U.S. trade in transportation services in 2002 totaled $105.4 billion (in current dollars1), down 2 percent from $107.6 billion in 2001 (figure 98). This decline was smaller than the 8 percent drop between 2000 and 2001. Of the trade in 2001, 57 percent was for imports (payments to foreign countries) and 43 percent was for exports (receipts by U.S. entities), resulting in a $14.9 billion trade deficit for transportation services.
The United States had a surplus in transportation services from 1990 through 1997 (figure 99). The trade surplus was highest in 1992, at $3.8 billion (in current dollars), but exports exceeded imports by over $3 billion in other years prior to 1997, as well. Then, between 1997 and 1998, imports increased 7 percent while exports decreased 5 percent, resulting in a $4.6 billion deficit. The deficit continued to grow at an average annual rate of 32 percent between 1998 and 2002, when the deficit reached $13.9 billion.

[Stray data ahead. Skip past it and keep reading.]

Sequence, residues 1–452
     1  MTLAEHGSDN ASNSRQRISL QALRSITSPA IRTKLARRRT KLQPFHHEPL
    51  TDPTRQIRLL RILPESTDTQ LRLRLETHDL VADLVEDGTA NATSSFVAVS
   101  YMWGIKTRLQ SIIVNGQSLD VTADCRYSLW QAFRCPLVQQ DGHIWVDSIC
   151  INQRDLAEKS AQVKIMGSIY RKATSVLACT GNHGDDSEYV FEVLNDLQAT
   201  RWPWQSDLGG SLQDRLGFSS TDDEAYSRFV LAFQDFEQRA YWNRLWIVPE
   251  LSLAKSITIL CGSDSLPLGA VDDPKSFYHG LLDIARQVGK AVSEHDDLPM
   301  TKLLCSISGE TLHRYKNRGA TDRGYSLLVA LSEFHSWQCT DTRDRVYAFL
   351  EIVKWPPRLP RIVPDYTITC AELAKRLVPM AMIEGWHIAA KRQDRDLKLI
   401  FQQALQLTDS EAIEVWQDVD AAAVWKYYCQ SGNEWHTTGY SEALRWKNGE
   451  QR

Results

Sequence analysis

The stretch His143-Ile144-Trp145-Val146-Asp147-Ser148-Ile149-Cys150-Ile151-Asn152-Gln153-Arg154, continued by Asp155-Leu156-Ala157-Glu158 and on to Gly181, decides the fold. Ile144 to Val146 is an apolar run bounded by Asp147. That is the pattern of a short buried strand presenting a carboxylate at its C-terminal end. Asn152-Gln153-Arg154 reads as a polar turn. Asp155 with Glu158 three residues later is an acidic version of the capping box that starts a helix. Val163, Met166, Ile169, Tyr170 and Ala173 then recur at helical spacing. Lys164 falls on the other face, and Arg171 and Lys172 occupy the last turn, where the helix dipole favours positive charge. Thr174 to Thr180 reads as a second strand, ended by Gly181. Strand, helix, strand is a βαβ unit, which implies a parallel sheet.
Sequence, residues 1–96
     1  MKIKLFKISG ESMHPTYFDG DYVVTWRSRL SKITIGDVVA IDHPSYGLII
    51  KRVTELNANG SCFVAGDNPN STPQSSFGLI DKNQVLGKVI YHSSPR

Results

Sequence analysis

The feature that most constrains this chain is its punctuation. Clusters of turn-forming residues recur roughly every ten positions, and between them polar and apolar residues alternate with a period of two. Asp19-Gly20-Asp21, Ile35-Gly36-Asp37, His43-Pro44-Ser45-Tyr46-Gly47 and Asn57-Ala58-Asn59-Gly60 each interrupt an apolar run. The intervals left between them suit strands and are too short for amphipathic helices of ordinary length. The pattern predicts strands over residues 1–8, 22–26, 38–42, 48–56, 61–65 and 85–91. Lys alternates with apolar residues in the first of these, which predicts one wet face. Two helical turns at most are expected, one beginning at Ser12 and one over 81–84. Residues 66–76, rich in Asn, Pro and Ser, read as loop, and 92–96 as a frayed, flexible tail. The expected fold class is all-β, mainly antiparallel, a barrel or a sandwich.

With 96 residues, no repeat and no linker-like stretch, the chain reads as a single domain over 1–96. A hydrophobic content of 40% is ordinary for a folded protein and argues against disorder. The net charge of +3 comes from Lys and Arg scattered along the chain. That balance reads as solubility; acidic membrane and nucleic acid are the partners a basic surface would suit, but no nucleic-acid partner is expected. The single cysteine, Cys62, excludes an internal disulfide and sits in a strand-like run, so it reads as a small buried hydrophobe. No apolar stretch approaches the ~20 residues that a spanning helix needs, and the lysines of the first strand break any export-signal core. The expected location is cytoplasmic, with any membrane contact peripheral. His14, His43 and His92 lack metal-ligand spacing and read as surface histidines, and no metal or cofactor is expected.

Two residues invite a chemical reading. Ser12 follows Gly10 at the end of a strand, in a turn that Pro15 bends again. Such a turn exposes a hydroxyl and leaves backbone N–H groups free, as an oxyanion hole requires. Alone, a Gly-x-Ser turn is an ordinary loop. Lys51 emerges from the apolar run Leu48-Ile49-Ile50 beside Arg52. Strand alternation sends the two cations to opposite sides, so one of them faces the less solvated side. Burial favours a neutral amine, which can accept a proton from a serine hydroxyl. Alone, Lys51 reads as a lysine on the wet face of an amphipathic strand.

The United States exports and imports transportation services, including freight services provided by carriers; port services provided by airports, seaports, and terminals; and passenger travel services provided by carriers. U.S. trade in transportation services generates substantial revenues for U.S. businesses in receipts to U.S. carriers and ports. These services also result in payments by U.S. companies to foreign freight and passenger carriers and ports. Because an efficient transportation system puts a premium on system reliability and speed, the performance of freight carriers and ports directly influences the competitiveness of U.S. businesses engaged in international trade.
See box for Components of Service Trade
1 All dollar amounts in this section are in current dollars. While it is important to compare trends in economic activity using constant or chained dollars to eliminate the effects of price inflation, it is not possible to do so in this instance (see the note on the figure and tables 98 and 99 in appendix B).